Caffeine and Bariatric Surgery 2

Caffeine and Bariatric Surgery: A Good Match?

October 10, 2018

Caffeine and bariatric surgery is a hot topic right now. Searching online provides an enormous amount of conflicting information and can be very confusing. Does caffeine dehydrate you, or harm your stomach? Does it promote weight loss, or increase appetite? Is it good or bad? Can you never drink caffeine again, or continue to drink a pot of coffee each day?

Caffeine has long been thought to help promote weight loss, even outside of surgery. Many retail weight loss supplements use this as an active ingredient. Does it really work? Caffeine has been shown to increase thermogenesis, which is a way your body burns calories by producing heat. It has also been linked to a decrease in the amount of food you eat. So in this way caffeine can help limit your calorie intake and increase your calorie output, which is the perfect combination for weight loss. The thought then follows, “shouldn’t I drink a lot of caffeine after surgery to maximize my weight loss?”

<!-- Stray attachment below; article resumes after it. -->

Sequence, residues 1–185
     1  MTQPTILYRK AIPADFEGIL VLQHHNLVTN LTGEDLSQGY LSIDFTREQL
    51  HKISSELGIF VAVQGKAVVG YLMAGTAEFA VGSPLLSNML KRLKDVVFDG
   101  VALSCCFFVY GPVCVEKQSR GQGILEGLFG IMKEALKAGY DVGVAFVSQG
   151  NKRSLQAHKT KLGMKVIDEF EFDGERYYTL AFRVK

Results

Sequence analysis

Caffeine and Bariatric Surgery Recovery

Your surgical team may advise you to limit your caffeine intake after surgery. Why is this? One main reason caffeine intake is restricted post-operatively is due to caffeine being an irritant. Coffee, in particular, is acidic and can irritate the stomach lining as you are healing. This could simply lead to unpleasant stomach upset and reflux symptoms, or potentially the development of ulcers. Yikes! If you are noticing stomach discomfort or any signs of heartburn, eliminating caffeine may be a step worth taking to alleviate this.

Some research is showing that caffeine may also effect wound healing. Although caffeine does have some antioxidant properties, it actually has been shown to inhibit production of part of the outer layer of skin, called the keratinocytes. This indicates that consumption of caffeine could potentially inhibit incision site healing and delay your recovery.

Caffeine and Dehydration

Does caffeine dehydrate you? For many years we have thought of caffeine as a diuretic that can cause you to lose water by increasing your urine output. More recent studies are showing that a moderate amount of caffeine consumption does not actually lead to dehydration, though.

But what is considerate a “moderate” amount? Moderate caffeine consumption is generally considered to be 250-400 mg per day. More than this could actually produce diuretic effects, though it is difficult to exceed this initially after surgery.